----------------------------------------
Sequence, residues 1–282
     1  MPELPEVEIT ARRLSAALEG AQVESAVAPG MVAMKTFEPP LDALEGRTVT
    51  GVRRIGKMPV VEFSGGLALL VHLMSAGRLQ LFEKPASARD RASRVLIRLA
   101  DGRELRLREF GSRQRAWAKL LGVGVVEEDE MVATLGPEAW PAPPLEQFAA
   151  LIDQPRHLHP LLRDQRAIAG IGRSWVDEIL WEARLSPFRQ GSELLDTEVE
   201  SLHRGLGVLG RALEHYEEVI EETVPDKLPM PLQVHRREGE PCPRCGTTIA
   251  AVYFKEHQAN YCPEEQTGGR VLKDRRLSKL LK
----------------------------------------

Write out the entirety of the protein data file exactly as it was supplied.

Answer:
Sequence, residues 1–282
     1  MPELPEVEIT ARRLSAALEG AQVESAVAPG MVAMKTFEPP LDALEGRTVT
    51  GVRRIGKMPV VEFSGGLALL VHLMSAGRLQ LFEKPASARD RASRVLIRLA
   101  DGRELRLREF GSRQRAWAKL LGVGVVEEDE MVATLGPEAW PAPPLEQFAA
   151  LIDQPRHLHP LLRDQRAIAG IGRSWVDEIL WEARLSPFRQ GSELLDTEVE
   201  SLHRGLGVLG RALEHYEEVI EETVPDKLPM PLQVHRREGE PCPRCGTTIA
   251  AVYFKEHQAN YCPEEQTGGR VLKDRRLSKL LK